Sunday, March 3, 2013

Learning Not to Rely on Auto

Digital photography means adjustments with photography software. In my case that means a program so complex that I use only a few key commands. But . . . I do not use Auto Levels, Auto Contrast, or Auto Color. I used to, only because I didn't know how to do anything else. Then my friend Greg showed me a few things, and since then I have relied on my eyes and Shadow/Highlight, Brightness/Contrast, Exposure, Hue/Saturation, and Photo Filter. 

Take color. I went out today to shoot some pictures on an assignment. 

Here's the raw image right out of the camera:

It's a little light.

Here's the Auto Levels version:

It's too golden sunny.

Here's the Auto Contrast:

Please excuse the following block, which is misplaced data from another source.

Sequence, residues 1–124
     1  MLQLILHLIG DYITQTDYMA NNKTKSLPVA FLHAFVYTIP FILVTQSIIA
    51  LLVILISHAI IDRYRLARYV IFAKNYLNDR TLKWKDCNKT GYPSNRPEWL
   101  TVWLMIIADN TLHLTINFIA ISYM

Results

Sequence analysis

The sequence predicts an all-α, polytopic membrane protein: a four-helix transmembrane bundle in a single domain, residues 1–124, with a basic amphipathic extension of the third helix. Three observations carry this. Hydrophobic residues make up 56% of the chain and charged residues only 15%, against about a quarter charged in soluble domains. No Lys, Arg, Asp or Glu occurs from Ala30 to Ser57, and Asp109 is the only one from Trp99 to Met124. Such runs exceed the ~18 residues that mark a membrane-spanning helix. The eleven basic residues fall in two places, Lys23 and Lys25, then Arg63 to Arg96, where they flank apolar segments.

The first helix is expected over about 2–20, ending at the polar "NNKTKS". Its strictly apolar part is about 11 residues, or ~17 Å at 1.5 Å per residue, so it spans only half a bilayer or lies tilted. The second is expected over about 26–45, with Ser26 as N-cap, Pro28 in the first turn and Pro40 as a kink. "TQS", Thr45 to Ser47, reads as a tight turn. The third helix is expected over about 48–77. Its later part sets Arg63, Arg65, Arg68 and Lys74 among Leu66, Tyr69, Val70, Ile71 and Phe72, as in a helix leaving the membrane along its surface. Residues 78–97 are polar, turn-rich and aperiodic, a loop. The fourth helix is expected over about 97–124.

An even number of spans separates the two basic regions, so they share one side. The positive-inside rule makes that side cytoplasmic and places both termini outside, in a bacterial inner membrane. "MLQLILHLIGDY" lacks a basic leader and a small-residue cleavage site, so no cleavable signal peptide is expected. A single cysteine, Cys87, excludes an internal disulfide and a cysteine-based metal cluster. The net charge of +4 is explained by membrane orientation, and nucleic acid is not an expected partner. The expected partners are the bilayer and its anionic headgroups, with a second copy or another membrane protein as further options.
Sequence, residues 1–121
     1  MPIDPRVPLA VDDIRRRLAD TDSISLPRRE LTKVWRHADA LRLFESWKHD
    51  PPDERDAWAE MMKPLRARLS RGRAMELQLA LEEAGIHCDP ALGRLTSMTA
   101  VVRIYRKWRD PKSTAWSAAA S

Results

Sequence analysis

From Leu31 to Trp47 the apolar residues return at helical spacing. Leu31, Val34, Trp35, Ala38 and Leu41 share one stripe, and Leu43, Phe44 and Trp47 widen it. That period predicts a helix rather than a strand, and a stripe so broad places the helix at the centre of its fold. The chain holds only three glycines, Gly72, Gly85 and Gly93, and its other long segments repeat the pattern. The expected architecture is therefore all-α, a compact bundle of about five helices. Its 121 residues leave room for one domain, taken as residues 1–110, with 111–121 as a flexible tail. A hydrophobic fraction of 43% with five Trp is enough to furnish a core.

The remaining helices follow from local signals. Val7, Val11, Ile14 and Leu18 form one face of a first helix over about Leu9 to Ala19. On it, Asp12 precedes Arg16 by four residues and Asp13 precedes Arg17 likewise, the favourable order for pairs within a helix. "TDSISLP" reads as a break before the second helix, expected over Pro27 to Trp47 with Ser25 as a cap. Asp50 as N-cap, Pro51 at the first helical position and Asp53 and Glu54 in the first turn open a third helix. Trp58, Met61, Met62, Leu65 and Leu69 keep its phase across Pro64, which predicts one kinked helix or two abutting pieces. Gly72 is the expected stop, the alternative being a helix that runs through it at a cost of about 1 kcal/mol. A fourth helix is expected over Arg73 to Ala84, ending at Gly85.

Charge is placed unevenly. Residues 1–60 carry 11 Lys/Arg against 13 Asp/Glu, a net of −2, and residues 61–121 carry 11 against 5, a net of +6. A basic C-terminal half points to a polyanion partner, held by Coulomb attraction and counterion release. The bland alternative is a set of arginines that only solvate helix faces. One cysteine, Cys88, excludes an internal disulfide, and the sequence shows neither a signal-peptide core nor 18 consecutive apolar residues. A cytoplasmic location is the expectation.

The sky is too turquoise.

Here's the Auto Color:

There's way too much sun.

Not one of these represents what I actually saw (or what I think I saw),
which was more like this:

I'm not sure any of this matters to a reader of this blog (if there are readers). What matters is that I am beginning to exercise more control over what I bring home, and that makes me almost as happy as this view from the old cloister.

Now I need to branch out.

No comments: